The location of our hardwood plantation is ideal in terms of climate as it is an area with high rainfall (approximately 1,400m, a year) and what is known as a bimodal pattern of rainfall. This means that the area has two rainy seasons. The first and major rainy season starts in March and goes through to mid-July. Then there is a second, minor rainy season that starts in August and which goes on until the end of October (peaking in September.)
In between those dates there is a brief, drier period from the middle of July until the middle of August and a much longer dry spell between November and February.
Close analysis of the rainfall pattern can be found at the nearest station – Kumasi. This closely monitors the rainfall patterns at the Afram Headwaters Forest Reserve. This data shows that rainfall seems to be very evenly distributed throughout March to October and in that period the forest growth is extremely vigorous. The highest levels of rainfall are between April and July (approximately 50% of the total rainfall) which is why it is known as the major season, whilst approximately 30% of the rain falls between September and November (the minor season.) Between November and February, the reserve is relatively dry. In terms of temperature, the reserve has constant high temperatures year-round, with little variation.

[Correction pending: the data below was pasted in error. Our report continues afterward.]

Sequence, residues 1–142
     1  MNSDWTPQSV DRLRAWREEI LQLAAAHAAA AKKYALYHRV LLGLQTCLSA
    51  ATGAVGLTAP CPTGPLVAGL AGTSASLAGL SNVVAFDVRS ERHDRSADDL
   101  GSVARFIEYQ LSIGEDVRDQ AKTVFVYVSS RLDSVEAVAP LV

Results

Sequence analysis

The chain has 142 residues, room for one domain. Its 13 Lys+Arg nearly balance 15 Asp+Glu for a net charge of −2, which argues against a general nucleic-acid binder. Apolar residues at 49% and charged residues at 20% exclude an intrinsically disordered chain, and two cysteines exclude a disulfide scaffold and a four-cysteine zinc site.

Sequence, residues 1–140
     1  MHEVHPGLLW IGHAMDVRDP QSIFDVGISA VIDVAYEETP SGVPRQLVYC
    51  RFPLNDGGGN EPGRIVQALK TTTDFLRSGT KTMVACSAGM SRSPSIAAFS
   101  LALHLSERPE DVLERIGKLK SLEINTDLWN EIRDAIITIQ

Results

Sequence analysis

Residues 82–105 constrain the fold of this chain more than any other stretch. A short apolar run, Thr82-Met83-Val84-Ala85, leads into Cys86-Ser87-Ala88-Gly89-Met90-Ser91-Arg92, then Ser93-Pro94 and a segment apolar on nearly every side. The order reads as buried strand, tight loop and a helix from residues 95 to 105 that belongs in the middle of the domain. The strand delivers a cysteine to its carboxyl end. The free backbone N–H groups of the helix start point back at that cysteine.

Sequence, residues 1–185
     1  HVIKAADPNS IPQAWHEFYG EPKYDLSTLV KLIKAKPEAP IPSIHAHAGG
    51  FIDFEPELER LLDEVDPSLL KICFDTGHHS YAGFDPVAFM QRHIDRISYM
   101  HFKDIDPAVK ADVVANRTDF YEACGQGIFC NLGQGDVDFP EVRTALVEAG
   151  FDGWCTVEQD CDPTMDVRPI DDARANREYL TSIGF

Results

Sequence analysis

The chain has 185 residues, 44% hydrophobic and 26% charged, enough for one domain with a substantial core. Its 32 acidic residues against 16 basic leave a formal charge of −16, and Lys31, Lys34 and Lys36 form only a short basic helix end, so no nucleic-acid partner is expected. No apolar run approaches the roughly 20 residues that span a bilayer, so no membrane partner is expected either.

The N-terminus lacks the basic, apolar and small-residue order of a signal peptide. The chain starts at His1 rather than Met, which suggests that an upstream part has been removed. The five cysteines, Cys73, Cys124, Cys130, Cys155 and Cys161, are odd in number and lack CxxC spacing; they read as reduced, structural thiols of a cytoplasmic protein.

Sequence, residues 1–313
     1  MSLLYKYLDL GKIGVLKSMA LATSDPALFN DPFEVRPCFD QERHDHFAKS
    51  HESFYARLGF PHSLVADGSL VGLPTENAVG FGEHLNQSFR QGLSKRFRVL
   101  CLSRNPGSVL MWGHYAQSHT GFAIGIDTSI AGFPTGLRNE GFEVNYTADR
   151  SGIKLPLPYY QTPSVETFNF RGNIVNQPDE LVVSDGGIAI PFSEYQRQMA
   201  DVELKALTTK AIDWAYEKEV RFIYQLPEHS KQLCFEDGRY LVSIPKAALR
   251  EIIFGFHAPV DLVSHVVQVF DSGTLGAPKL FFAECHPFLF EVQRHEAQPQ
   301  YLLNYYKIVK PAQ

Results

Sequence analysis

It is this reliability of climate that enables us to guarantee the constant supply of high quality teak, and in turn, the constant and dependable returns for our investors.
The Afram Headwaters Forest Reserve is a massive forest reserve located in Ghana. It was set up in 1927 and its boundaries established between 1928 and 1930 with the perimeter stretching to 87km. In 1961 it was gazetted as production forest reserve. The terrain elevation above sea level is around 334 meters and it covers an area of approximately 20,124 hectares. The Afram Headwaters Forest Reserve lies inside forest savanna and dry semi-deciduous forest zones and is subject to high variability of annual rainfall (both in terms of distribution and amount.) This rainfall is generally according to a bimodal pattern with peaks in the major rainy season of May to July and again in the minor season of September and October. Similarly, the Afram Headwaters Forest Reserve is split in half with the northern part being mainly forest savannah vegetation and the southern part being wetter with semi-deciduous forest.